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Public Policy

How Connecticut Elevated Its Business Climate

Connecticut turned itself into a destination for new businesses by prioritizing business development and inviting input and help from the private sector, write Prof. Jeffrey Sonnenfeld and three other leaders of AdvanceCT, the state’s business attraction and retention engine.

The Connecticut state capitol and the Hartford skyline
  • Three Questions: Prof. Andrew Metrick on Paul Volcker’s Legacy

    Paul Volcker, former chairman of the Federal Reserve, died on December 8 at age 92. Prof. Andrew Metrick reflects on Volcker’s contributions to the Fed and economic policy.

    Federal Reserve Chairman Paul Volcker before a hearing in August 1980. Photo: James K. W. Atherton/The Washington Post via Getty Images.
  • Three Questions: Prof. Jacob Hacker on Tax Rates for the Rich 

    A recently published book argues that the richest Americans now pay lower tax rates than any other income group. We asked Yale political scientist Jacob Hacker to explain how this situation developed and why it’s proved politically difficult to raise taxes on the rich.

    A cartoon of a map with a huge bag of money
  • For a Path to a Decarbonized Economy, Look to the States

    Robert Klee, a lecturer at Yale and the former commissioner of the Connecticut Department of Energy and Environmental Protection, says that state-level approaches to the climate crisis provide a roadmap for a 10-year, trillion-dollar effort to put the U.S. on a path to decarbonization.

    A solar panel linked to a Tesla Powerwall in Monkton, Vermont. Photo: Ian Thomas Jansen-Lonnquist/Bloomberg via Getty Images.
  • To Prevent Financial Crises, Regulate Short-Term Debt

    Yale SOM’s Gary Gorton argues that financial crises happen because short-term lending, while essential to the economy, is also vulnerable to panic when parties lose confidence in each other. In a new paper, Gorton proposes a method of regulating short-term debt and preventing future crises.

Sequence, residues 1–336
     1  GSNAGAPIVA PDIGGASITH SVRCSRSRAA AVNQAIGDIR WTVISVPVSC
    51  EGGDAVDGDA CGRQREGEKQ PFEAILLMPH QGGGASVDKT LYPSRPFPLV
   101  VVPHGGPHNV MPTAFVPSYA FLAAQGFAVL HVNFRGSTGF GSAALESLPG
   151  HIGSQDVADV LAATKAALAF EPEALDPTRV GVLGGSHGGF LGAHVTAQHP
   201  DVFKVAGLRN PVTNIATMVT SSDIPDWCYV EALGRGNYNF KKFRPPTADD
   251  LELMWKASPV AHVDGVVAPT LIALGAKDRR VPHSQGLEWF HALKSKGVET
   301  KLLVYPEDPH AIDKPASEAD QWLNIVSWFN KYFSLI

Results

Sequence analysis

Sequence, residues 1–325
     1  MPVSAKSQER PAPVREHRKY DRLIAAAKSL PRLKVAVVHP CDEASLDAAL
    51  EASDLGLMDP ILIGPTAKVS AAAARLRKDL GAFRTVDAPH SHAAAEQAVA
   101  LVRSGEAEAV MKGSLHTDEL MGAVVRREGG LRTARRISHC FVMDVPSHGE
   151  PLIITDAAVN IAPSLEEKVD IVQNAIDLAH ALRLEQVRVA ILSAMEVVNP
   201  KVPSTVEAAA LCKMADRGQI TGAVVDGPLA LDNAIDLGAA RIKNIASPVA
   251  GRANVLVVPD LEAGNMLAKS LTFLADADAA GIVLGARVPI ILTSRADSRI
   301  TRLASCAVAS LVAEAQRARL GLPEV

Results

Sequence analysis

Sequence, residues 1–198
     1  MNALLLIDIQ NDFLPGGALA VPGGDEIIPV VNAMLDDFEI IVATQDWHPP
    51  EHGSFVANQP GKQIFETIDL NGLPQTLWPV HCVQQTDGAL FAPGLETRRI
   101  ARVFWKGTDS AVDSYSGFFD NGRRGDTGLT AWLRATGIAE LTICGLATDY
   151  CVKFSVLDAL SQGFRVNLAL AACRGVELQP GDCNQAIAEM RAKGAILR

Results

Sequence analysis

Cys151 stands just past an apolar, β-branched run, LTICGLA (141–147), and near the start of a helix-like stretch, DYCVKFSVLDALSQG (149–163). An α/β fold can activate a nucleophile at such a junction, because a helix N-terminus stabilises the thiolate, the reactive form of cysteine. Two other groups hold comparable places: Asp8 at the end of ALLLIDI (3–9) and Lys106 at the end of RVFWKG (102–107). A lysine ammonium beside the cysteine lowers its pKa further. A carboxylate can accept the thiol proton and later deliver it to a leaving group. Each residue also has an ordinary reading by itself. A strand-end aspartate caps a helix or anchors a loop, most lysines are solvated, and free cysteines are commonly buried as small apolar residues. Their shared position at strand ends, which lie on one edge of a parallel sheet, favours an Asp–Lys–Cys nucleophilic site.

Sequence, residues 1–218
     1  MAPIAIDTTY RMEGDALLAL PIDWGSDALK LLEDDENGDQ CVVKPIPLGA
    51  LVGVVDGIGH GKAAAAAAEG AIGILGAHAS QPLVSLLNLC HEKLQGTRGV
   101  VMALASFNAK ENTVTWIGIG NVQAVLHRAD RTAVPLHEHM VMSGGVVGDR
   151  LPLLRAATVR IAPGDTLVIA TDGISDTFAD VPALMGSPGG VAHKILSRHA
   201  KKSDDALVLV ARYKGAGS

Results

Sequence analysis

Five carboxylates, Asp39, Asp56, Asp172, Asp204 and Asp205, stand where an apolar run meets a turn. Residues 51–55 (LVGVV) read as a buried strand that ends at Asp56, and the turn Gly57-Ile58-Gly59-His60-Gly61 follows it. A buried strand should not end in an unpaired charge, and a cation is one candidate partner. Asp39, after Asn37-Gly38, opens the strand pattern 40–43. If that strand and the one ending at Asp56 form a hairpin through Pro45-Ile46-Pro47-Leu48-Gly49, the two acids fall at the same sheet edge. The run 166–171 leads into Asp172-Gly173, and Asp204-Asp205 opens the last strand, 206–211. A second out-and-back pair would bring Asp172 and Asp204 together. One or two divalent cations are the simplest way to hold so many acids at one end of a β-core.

A run on the National Penny Bank in London in 1888. Image: Universal History Archive/Universal Images Group via Getty Images.
  • Can Antitrust Enforcement Protect Digital Consumers?

    More and more of our economic and social lives are being conducted through digital channels. Economist Fiona Scott Morton talks about how effective antitrust regulation and enforcement can ensure that consumers benefit from the next killer app.

    New York City subway riders using smartphones
  • Equalizing School Spending Boosts Lifelong Income 

    School finance reforms that equalize spending across rich and poor neighborhoods improve the long-term economic outcomes of disadvantaged children.

    Third-grade students with their teacher in a Washington, D.C., classroom. Photo: Bill O’Leary/The Washington Post via Getty Images.
  • Three Questions: Prof. Vahideh Manshadi on Improving Kidney Donation

    This month, the Trump administration announced a series of steps to overhaul the kidney transplant system. We asked operations expert Vahideh Manshadi if the changes could make a difference for patients.

    A car with a request for help finding a kidney written on the rear windshield
  • Why ‘Breaking Up’ Big Tech Probably Won’t Work

    Instead, argues Yale SOM’s Fiona Scott Morton, the government should exercise its regulatory powers to promote competition.

    A jigsaw puzzle with the logos of Amazon, Apple, Google, and Facebook
  • Three Questions: Prof. X. Frank Zhang on the Drop in Charitable Giving

    Adjusted for inflation, charitable giving in the United States fell by 1.7% in 2018, We asked Prof. X. Frank Zhang what explains the decline and how policymakers can encourage more giving.

    Albert Finney in the title role of the 1970 film "Scrooge." Photo: LMPC via Getty Images.
  • Three Questions: Prof. Cristina Rodríguez on the Immigration Crises

    Is there a crisis at the U.S. southern border? We asked Cristina Rodríguez of Yale Law School, whose research interests include immigration law and policy, to shed light on the reality behind the divisive politics.

    Immigrants at a U.S.-Mexico border fence in Tijuana, Mexico, in December 2018. Photo by John Moore/Getty Images.